“Living alone is just harder,” she says. “I can become very sad and it’s hard to get out, for sure.” She has a support system, though, and that’s been helpful. “I’ve reached out to friends a lot, also the [C]ounseling [C]enter has been very helpful about this — about anxiety in general and how Schott affects me.”

“Over my time here at Schott, I have reached out to housing, RAs and GAs, and also the [C]ounseling [C]enter,” says Eliana. “Each time, I was grateful for their response. The GAs were there for me when I needed immediate support, and housing worked with me to ensure I was living in the healthiest environment for myself. The [C]ounseling [C]enter has been a large part of my support team and continues to help me problem-solve different parts of my recovery process.”

Other students find the counseling center to be less helpful, and turn to their peers for support. What’s dangerous is when students don’t reach out for help at all.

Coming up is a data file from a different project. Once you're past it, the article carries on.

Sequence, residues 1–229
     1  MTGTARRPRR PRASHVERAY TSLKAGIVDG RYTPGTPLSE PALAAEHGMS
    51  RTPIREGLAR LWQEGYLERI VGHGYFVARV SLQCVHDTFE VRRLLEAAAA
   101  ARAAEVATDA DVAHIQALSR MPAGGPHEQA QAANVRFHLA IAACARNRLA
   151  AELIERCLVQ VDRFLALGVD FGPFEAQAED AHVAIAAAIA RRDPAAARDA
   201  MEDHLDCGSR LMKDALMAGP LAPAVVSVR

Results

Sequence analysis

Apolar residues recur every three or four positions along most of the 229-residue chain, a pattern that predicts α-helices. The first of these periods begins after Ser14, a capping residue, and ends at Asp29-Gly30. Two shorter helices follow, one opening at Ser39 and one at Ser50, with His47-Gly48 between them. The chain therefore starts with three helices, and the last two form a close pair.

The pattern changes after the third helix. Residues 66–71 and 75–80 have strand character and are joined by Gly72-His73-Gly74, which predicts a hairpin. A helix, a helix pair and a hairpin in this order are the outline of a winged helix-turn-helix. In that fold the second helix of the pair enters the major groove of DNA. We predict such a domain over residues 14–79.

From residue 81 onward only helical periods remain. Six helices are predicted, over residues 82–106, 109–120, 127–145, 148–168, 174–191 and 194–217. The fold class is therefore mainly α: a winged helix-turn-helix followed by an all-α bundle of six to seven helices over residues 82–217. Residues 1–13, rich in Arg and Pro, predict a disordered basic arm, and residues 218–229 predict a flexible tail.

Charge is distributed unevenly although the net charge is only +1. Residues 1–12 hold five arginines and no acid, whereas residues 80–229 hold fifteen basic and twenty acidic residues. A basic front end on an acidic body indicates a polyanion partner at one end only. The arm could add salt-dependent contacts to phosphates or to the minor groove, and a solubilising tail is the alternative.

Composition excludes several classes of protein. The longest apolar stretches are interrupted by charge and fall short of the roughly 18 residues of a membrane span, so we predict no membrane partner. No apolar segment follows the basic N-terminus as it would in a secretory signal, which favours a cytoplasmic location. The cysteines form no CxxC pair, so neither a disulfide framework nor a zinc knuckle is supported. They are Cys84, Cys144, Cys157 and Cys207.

Aliza suggests that the responsibility to check in or reach out should lie not with the students, but with the administration. “I get the feeling that Stern’s administration decided at some point, ‘Well, Schottenstein residents made the choice to put themselves in a potentially isolating position. If they’re suffering the consequences now, so be it’,” says Aliza. “What they don’t understand is that the people who most desperately need their own space are also the ones at greatest risk of becoming increasingly isolated.”

So why stay? For Eliana, it’s simple. “I am determined to stay and live out my Stern career in my single room on the fourth floor,” she says. “I choose to stay because I believe it is important that I expose myself to my triggers (i.e. living in a single room) and then subsequently learn to deal with them in a healthy way. If I ran away to a different dorm, I would only be running from my problems. By staying in Schott, and utilizing my support team, I am developing skills for life.”

An appointment with a therapist at the Counseling Center can be made by emailing Counseling@yu.edu. Students can call the Counseling Center at (646) 592-4210 (Undergraduate Beren and Cardozo Law School) or (646) 592-4200 (Wilf) in case of urgency. In case of an after-hours emergency call 911. Students should email Counseling@yu.edu to schedule follow up appointments for counseling or psychiatric services at the Counseling Center.

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Photo: Schottenstein Residence Hall